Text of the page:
Respectfully, Justice Watt’s decision also seems to lack some sensitivity to the plight of those who are forced to flee their home country. Amidst his several reasons for why the proposed evidence should not be admitted, Justice Watt could not understand why Shafia had a “lengthy history of consistent and repeated representations, some in sworn declarations to gain entry into various countries, among them Canada, that Hamed was born on December 31, 1990” which were changed “solely on the basis of the ‘new’ document.” As mentioned previously, the Shafia family were forced to flee to Peshawar, Pakistan, shortly after Hamed’s birth because of the civil war in Afghanistan. While forgetting/misstating the birthdates of our children may seem near impossible to those of us who have not had to flee war, it is at least plausible that due to the surrounding chaos of the circumstances they were facing during that time, the Shafias made such an error. Moreover, it is then understandable that when Shafia was confronted with three new documents from the Afghan government stating that his son was born on December 31, 1990 (which seems to be perfectly “compelling” evidence to me), he was eager to rely on those documents because they provided clarity to a disorderly and war-riddled moment in his life.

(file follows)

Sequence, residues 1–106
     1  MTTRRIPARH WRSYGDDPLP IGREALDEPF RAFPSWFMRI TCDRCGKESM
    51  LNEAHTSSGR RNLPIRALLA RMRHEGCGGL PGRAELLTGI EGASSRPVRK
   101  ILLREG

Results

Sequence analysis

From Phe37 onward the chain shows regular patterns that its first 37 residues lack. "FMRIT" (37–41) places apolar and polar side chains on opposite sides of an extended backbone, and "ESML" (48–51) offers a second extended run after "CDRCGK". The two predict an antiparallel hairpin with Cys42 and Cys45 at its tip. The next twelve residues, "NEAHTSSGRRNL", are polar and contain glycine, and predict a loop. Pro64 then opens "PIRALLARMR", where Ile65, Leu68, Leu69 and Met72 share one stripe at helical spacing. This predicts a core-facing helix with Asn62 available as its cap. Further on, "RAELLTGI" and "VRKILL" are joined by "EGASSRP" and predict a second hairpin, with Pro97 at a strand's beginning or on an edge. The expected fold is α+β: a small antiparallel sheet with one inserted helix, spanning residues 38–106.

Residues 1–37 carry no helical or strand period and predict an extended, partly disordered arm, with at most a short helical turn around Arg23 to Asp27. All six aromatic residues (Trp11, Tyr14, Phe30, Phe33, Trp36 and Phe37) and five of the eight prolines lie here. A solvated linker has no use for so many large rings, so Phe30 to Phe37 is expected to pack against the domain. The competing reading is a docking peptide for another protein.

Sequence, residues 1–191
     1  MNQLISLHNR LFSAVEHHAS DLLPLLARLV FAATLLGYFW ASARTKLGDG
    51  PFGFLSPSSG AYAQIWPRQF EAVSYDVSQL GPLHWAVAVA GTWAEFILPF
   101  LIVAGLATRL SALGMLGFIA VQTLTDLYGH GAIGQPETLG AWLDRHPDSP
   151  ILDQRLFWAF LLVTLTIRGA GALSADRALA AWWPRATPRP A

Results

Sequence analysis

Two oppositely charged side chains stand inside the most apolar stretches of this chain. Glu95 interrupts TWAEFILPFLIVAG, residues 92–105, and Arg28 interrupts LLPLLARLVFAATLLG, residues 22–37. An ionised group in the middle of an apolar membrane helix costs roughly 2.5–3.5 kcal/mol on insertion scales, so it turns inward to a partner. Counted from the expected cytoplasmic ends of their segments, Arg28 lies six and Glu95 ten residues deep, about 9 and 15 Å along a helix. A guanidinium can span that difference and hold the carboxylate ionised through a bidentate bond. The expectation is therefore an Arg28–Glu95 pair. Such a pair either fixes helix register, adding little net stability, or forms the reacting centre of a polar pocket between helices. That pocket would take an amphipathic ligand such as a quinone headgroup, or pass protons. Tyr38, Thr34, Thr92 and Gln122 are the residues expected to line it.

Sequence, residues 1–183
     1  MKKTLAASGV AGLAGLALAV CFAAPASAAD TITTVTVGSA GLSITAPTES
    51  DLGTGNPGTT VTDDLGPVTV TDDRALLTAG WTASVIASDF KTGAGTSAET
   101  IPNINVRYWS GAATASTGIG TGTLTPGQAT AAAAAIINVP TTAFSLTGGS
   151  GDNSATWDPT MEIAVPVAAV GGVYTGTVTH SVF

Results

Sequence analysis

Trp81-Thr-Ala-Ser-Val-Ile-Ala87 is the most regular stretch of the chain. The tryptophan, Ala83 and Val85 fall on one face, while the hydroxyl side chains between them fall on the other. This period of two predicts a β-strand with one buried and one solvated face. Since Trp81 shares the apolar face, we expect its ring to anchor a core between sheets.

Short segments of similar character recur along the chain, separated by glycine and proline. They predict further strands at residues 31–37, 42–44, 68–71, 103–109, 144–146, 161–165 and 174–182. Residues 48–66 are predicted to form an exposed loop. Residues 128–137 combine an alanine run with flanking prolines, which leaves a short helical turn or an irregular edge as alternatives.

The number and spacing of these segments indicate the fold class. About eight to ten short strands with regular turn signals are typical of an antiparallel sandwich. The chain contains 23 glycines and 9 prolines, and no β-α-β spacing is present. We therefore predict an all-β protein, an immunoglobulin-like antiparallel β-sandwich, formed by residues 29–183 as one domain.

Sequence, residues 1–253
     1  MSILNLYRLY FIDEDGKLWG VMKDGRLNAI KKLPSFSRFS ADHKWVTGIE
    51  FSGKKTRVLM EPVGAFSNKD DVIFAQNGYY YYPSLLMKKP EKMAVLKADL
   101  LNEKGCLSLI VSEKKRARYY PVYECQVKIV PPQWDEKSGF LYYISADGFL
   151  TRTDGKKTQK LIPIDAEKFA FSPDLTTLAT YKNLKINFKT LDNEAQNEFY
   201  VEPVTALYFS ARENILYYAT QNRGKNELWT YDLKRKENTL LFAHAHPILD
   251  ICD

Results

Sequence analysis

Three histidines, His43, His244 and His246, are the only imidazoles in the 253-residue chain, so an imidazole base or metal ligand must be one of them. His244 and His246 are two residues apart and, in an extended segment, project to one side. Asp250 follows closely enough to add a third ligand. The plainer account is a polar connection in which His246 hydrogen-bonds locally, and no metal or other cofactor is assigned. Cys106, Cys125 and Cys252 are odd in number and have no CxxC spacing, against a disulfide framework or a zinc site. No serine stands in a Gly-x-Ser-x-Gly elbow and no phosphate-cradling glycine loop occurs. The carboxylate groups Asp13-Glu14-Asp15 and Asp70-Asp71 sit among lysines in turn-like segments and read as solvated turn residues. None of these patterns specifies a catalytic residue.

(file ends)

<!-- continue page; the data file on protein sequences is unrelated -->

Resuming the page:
The SCC should hear Shafia to correct and remove the added requirement of “compelling” Justice Watt has added to the Palmer test. Moreover, Shafia is an excellent opportunity for the SCC to clarify how the “interests of justice” factor into the test. As James C. Morton has explained, “[fresh evidence] cases have been unpredictable….Recently some evidence that is clearly not fresh has been admitted on appeal ‘in the interests of justice’.” The factual matrix of Shafia fits squarely into the Palmer requirements, and therefore, Hamed’s Charter rights demand – without having to meet the threshold of “compelling” – that he be tried before a youth justice court.